This new album strips away a lot of the layers afforded by digital, but opens itself up to the addition of other, more organic elements, like strings and more varied compositions. How else is this album different than the two previous?

This is the first album that I let someone else take the wheel. On previous albums I’d be very controlling, or very clinical and very just kind of in my own head about it. And this time I wanted to make it very clear from the get-go that John was the one who was driving the car. And that we had the songs but that I really wanted him to kind of execute the vision. Or at least take what we had and give it some fresh perspective that maybe we hadn’t thought about.

It was the first record where I would admit openly that I kind of didn’t know what to do with an idea. Or this was the idea that I had, but I didn’t know how to make it…John would just really spring into action. “Well this is how we’re going to do it, this is what were going to do. Grab this, do that.” You know, just kind of orchestrate the whole scenario.

So it took a lot of the pressure off of me and it really opened me up to a lot of new sounds and a lot of new things that I hadn’t previously thought of to make music sound awesome.

Do you think you will seek out another producer that might put you in the same free mindset, or do you think you’ll work with John again on the next one?

Well, I’d always love to find people who could open my mind or expand my mind when it comes to making sound and creating things. That being said, John is the first person that I have made a record with that I would consider making another one with.

Typically, I really like to work with somebody different on every record because I think that really helps me grow as a musician and helps the records each have their own vibe. But yeah, I would definitely consider working with John again.

That also being said, if you know someone who could help me out or teach me a bunch of new tricks, I’d love to make a record with them.

Writing the record in Vermont with drummer and writing partner Josh Sparks placed you in a secluded cabin that required you to drive an hour into town to pick up groceries. What did you guys eat while you were up there working to fuel your process? What were your days like?

We would buy maybe two and a half weeks of groceries at a time, and Josh is an amazing cook so we’d be cooking daily for every meal while we were up there. We actually lived pretty decadently. (laughs) We were eating, like, four- or five-star meals up there. Josh is a phenomenal chef.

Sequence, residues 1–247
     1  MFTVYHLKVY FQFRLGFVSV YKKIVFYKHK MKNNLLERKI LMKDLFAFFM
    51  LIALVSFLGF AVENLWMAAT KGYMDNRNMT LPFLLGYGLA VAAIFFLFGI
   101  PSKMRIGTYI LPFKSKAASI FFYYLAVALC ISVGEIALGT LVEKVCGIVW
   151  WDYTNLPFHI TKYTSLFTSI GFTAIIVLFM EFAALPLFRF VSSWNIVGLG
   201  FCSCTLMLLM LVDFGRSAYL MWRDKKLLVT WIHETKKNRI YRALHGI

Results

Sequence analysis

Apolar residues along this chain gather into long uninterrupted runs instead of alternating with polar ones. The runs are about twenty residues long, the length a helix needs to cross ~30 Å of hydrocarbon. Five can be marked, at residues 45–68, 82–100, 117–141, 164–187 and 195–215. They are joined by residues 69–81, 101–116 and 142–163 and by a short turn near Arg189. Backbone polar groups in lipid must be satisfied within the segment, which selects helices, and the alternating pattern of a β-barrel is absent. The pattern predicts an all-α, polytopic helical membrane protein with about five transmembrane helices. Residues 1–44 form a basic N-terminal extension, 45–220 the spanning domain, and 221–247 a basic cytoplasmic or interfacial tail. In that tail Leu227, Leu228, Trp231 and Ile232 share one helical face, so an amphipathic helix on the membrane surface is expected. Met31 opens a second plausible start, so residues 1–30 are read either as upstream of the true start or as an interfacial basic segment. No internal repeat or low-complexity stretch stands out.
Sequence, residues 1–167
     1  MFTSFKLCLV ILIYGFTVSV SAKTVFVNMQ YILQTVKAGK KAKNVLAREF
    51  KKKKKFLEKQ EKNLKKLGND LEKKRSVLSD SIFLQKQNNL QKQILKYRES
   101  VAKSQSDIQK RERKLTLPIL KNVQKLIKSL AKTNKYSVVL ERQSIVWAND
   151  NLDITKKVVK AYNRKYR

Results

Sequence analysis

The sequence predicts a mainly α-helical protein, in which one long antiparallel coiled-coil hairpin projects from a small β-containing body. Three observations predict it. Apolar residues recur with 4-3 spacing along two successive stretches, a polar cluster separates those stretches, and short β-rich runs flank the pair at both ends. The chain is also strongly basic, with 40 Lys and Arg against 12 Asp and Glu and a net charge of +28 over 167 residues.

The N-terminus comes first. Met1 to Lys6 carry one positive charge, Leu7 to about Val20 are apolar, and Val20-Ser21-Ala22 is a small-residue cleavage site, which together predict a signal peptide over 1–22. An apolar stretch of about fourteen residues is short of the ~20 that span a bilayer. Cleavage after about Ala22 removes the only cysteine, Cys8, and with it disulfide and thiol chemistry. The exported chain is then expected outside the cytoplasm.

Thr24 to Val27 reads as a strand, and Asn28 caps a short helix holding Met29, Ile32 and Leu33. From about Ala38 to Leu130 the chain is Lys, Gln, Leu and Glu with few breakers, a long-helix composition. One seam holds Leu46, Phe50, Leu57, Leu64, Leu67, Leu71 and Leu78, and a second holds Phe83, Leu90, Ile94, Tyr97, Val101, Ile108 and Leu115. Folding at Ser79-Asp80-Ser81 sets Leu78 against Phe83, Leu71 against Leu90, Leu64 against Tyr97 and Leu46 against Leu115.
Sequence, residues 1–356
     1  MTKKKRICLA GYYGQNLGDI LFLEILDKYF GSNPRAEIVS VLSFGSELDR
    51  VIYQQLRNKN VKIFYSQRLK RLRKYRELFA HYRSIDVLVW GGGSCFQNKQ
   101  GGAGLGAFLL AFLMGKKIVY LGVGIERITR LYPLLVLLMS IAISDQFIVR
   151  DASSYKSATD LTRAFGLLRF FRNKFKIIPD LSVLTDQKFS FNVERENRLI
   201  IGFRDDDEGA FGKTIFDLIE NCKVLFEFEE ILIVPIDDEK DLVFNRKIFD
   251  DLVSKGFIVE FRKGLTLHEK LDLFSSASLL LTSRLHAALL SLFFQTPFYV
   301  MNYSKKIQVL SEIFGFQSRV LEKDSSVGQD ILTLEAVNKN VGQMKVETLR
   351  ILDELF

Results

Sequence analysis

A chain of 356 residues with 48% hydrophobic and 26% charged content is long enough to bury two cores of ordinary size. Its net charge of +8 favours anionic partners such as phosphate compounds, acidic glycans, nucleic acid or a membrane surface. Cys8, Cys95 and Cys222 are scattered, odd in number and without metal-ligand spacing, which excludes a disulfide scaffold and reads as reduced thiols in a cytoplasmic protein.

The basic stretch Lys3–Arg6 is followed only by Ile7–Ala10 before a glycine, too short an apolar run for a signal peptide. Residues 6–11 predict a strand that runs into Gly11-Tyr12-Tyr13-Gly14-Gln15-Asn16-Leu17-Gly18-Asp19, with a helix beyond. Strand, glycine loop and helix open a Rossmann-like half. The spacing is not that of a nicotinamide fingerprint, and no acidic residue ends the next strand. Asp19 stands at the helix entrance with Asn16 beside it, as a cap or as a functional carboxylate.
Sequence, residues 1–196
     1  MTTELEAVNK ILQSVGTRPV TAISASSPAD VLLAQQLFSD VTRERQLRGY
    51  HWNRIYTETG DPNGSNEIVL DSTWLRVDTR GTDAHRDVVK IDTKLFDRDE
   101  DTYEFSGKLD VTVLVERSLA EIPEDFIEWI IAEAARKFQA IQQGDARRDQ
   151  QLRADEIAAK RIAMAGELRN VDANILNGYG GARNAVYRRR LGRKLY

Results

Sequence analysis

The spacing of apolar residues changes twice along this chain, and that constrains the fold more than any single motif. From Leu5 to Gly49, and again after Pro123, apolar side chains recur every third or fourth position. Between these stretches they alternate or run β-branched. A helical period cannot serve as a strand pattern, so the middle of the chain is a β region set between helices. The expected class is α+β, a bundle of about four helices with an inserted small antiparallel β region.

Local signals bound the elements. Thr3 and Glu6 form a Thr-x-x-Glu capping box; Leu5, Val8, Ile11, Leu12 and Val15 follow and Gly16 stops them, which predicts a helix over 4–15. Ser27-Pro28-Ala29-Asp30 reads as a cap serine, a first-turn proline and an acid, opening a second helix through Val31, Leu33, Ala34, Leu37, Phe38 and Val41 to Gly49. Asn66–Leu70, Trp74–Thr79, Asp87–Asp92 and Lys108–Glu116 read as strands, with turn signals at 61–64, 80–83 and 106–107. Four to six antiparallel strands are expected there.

A love-hate relationship with where you’re from is lyrically referenced by the songs “Open Casket” and “No EQ” on the new record, and the project 12 Towns cleverly offers another geographical frame of reference. Despite their specificity, why are locations such a relatable character in your songwriting?

I think it just sets the vibe. Generally everything I write is about something that really happened or is a real thing. So location just kind of sets the stage for the rest of the story. It’s able to put the listener in a certain place and imagine where they are and create the landscape in their mind.

There has been a question of whether the success of Into It. Over it. and TWIABP is indicative of an “emo-revival,” something you have claimed to not have much to to do with. Could you expand on that a bit?

I mean, I never said that I didn’t have much to do with it, but it’s never a thing that I said. It was never a thing like, “This is my thing!” Like, I never claimed that to be my own.

If people want to say that, then sure. I’m never going to tell them that they’re wrong, but I’ve never looked at it like that. I look at it like I’m writing music. So I don’t think about it. It’s just not a thing I think about at all.

But also, if someone says, “This is an emo record, and I love it!” it’s like, okay, sure. As long as you like it, you know what I mean? It doesn’t matter to me. So I’m not about to tell someone what they need to think my record is. So as long as they are enjoying it…

I recently read an Reddit thread commenting: “It seems like a lot of the hot new ’emo revival’ bands are from the Pennsylvania and New Jersey are right now… Anyone in the area know why?”

(Audible sigh) I mean, I just think that Philadelphia just has a really great DIY community. It kind of sprang up right after I left. When I was living there, there wasn’t anything like that. Like house shows or like a community of bands that really got along or like a circle of friends that were making a lot of art together. My sister still lives there and she’s a part of it and I kind of live vicariously through her with what’s going on there.